Out walking with twenty or more sheepdogs

Teaching the dogs to 'stay close' while walking in the woods

Spring really does seem to be with us now. There are lambs in the fields. young leaves on the trees, flowers in the hedgerows, and the grass is growing.

Delicate elm leaves in a spring hedge
These delightfully delicate elm leaves caught my attention in a hedge on this morning’s walk.

Such a huge relief after the winter, but of course, we are still worried about the lack of rain. The last few days have been damp, but not enough rain has fallen to make a real difference. If 2012 has a long hot summer, I dread to think what it will be like for farmers.

The dogs are oblivious to it all, of course. They are constantly anticipating the next exciting event – whether it’s a run in the woods and along the local bridleways, or training on sheep, as long as there’s plenty of activity, they’re happy.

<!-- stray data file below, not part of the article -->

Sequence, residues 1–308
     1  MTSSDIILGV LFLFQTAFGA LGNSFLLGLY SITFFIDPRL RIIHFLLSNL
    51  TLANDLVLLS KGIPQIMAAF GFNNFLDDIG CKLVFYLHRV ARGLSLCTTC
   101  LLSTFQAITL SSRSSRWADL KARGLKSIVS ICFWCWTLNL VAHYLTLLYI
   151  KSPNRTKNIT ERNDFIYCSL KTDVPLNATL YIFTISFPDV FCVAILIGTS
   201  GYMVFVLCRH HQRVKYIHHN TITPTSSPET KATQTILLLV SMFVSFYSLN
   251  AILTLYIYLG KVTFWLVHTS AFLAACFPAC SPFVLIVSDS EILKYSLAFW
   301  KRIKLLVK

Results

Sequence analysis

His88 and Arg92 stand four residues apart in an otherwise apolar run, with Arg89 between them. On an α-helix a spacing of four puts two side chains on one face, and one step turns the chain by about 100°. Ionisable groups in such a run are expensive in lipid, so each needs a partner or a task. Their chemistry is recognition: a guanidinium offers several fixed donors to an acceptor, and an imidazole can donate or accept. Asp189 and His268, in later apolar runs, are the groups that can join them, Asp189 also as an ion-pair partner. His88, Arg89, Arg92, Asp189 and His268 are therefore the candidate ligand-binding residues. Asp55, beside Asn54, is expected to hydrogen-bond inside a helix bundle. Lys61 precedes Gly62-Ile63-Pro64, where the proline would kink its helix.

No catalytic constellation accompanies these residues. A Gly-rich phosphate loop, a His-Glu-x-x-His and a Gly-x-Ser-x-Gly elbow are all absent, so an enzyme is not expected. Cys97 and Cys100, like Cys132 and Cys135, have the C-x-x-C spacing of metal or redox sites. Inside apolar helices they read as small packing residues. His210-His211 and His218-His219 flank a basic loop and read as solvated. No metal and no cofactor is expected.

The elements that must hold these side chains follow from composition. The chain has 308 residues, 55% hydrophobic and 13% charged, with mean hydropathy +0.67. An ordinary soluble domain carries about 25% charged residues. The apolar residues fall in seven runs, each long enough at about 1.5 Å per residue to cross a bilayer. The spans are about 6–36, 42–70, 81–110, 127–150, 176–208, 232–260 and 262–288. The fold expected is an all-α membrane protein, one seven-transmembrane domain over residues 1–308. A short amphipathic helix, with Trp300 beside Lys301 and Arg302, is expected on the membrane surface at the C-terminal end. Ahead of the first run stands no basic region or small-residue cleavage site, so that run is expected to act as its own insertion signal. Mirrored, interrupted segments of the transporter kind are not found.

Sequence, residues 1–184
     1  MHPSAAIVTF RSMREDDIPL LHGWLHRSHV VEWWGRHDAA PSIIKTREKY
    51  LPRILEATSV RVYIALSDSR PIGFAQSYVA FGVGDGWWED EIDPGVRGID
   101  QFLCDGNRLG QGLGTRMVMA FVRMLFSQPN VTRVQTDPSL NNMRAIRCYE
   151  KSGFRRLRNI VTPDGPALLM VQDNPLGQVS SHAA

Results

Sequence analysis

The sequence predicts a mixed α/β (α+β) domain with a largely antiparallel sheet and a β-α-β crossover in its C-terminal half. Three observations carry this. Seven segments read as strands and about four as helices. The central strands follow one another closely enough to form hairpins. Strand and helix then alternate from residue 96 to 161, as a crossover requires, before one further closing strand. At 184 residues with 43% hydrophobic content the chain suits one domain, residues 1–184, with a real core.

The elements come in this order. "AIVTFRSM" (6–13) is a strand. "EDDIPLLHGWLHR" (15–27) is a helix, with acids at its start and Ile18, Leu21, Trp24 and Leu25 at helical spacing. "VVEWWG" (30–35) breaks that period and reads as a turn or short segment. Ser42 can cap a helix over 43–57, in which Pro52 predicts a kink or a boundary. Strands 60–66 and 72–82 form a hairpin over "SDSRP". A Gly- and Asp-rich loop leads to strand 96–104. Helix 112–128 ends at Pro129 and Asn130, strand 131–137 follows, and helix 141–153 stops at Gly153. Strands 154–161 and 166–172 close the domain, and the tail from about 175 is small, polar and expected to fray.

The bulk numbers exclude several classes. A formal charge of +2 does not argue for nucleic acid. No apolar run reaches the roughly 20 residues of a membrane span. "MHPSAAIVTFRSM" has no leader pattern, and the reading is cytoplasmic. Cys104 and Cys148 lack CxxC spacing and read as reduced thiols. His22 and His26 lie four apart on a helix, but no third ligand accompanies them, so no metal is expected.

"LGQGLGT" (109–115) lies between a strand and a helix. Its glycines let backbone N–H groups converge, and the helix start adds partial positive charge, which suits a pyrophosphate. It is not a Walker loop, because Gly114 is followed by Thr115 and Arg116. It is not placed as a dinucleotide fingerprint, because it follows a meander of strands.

This morning I spent a few moments teaching the youngsters to ‘stay-close’. This is the command I use when we are on the bridleway and I want the dogs to keep behind me. I start off buy walking backwards so that I can see any dogs or pups who are likely to ‘break ranks’ and run ahead.

If this happens, we simply go the other way and the errant dog finds itself at the back again. They soon learn that they gain no advantage by being disobedient, and before long, they do as they’re told.

Teaching dogs to ‘stay-close’ is really useful training for youngsters who are soon to start sheepdog work.


The Working Sheepdog Website blog. Cover image for our sheepdog training DVD set

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